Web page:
- What I learned from working at Shogun: being prejudiced isn’t nice, but its a reality. As a waitress we learned quickly to evaluate what customers to REALLY take care of and which ones to just do the minimum. A table full of golfers (drinking and having fun with the chef) – got great service! A table full of (what I deemed as) rednecks who treated me like a servant – got the bare minimum. Sad but true. But when your pay is based on your customer, and you’ve had a slew of negative experiences with a certain type of people, you learn to adjust accordingly.
- How does this apply to education? If we run our schools like Shogun, teachers will make decisions about which students will earn them their tips. Who are your golfers in education? In my school, it would probably be the small percentage of students who have earned a 2 or 3 on the previous End of Grade test AND have a spark for improving. Who are your rednecks? The small percentage of students who have a guaranteed passing score (based on last year) and don’t require too much attention AND your large percentage of students who have a 1 or low 2 and show complete disdain for school and could care less about passing a stupid test! Are these the types of decisions we want educators to start making? Also, what would happen if the chefs (administrators), bartenders and bus boys (support staff), and owners (central office people) were all put on the server pay scale? Maybe then, they would start to take more interest in the plight of the servers (the teachers)… But that won’t happen! They will continue to make their guaranteed salary while also pulling in the tips (bonuses) that the servers are dependent on.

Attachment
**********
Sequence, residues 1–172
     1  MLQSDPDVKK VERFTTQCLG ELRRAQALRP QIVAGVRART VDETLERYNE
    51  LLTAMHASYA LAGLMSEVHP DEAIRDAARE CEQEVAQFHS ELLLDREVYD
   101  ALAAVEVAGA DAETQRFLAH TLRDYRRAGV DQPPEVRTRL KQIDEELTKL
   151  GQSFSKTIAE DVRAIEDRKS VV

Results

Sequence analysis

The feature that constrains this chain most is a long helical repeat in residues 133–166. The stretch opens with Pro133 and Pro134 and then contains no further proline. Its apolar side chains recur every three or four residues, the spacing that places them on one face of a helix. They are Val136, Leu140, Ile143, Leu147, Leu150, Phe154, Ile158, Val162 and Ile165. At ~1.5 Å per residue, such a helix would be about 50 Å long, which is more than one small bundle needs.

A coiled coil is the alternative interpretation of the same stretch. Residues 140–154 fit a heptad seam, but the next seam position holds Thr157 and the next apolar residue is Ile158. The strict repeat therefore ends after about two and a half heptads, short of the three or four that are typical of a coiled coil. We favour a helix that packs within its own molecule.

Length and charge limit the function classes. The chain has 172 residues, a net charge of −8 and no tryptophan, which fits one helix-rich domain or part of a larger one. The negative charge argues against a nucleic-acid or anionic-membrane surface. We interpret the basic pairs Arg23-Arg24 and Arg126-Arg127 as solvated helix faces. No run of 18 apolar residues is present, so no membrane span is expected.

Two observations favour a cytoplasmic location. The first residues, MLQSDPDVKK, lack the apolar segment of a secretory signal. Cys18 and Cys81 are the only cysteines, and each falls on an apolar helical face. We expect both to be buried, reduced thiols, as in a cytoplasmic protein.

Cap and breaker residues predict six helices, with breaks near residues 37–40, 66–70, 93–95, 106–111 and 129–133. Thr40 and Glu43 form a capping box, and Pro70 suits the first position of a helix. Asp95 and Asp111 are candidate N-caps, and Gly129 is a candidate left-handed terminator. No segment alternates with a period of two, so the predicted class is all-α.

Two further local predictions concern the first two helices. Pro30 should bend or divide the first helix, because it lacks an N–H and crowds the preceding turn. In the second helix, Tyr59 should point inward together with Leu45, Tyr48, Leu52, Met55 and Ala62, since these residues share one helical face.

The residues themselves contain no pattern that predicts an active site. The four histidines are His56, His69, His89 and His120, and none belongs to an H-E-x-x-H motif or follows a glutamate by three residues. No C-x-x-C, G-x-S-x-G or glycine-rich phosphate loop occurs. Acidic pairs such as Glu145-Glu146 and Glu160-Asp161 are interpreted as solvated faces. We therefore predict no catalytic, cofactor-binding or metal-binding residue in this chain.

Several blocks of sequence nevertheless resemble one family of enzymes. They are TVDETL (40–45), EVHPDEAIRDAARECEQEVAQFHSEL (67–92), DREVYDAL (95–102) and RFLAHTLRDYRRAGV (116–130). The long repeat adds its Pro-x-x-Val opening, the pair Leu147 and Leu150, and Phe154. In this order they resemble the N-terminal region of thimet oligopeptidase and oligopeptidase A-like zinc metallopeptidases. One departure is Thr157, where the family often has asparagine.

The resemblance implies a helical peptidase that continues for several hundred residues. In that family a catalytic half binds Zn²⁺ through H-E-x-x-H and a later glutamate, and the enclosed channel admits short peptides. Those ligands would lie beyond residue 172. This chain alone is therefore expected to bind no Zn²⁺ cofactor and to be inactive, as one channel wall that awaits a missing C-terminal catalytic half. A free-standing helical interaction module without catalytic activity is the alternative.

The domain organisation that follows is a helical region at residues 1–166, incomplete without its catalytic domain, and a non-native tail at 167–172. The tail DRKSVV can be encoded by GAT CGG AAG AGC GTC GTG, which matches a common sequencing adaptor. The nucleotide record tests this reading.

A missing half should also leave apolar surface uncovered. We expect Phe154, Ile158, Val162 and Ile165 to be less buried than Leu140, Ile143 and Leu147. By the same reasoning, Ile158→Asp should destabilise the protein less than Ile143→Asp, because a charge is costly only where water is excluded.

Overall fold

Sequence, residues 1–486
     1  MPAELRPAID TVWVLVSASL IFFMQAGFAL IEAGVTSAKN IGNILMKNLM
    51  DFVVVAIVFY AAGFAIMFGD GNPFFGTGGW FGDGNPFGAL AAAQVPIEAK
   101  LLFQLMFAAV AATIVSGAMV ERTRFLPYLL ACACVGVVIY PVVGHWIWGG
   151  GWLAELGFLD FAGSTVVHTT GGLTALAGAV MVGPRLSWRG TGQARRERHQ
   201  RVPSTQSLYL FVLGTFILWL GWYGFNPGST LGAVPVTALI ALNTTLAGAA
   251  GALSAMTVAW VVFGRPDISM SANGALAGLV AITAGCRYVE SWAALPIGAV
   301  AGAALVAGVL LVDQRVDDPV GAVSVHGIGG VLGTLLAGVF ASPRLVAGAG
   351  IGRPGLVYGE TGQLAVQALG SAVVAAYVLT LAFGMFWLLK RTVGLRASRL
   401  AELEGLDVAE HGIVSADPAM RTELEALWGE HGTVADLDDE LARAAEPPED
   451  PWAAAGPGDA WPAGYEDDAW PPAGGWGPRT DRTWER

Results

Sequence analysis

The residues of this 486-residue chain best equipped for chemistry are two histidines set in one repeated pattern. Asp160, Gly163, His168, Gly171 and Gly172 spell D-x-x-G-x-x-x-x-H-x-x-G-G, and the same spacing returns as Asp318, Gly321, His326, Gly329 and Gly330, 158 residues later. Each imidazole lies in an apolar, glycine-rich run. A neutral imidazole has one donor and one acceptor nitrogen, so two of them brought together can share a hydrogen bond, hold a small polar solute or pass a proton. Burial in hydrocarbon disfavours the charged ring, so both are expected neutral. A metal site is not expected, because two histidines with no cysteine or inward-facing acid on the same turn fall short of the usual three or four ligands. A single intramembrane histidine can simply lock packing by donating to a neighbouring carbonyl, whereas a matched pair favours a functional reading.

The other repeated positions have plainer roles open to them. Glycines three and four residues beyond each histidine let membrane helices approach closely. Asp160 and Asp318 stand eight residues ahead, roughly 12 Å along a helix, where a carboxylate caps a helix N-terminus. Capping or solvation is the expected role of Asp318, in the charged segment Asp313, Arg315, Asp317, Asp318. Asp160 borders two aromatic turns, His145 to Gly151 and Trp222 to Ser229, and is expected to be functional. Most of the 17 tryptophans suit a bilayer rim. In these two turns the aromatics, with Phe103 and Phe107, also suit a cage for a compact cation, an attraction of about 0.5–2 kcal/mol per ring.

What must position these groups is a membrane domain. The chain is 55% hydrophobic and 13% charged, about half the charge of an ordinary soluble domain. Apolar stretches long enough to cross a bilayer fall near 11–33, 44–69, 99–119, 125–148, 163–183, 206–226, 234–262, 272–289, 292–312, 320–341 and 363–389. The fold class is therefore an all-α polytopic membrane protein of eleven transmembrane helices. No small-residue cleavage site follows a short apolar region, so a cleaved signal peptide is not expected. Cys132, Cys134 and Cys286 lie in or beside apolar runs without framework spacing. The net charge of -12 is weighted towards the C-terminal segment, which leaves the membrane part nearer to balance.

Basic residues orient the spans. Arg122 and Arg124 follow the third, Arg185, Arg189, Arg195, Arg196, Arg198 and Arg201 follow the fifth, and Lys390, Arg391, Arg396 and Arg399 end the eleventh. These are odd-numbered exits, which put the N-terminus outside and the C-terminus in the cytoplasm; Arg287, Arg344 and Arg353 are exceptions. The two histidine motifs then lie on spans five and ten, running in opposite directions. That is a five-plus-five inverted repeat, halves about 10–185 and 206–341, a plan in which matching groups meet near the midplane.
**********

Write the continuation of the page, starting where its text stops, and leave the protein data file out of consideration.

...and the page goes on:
Olde Auburn Ale House (Auburn, AL): More traditional restaurant experience. Again, one of my favorite jobs. I made great friends, learned a lot about beer and brewing, and also learned the value of having great managers.
- Again, I was paid $2.13/hour plus tips. Only had to tip out the bartenders at the end of the night, therefore I took home most of what I earned. I had a little more ability to flip tables, and was able to build up a nice group of “regulars” because of the unique nature of a brewery.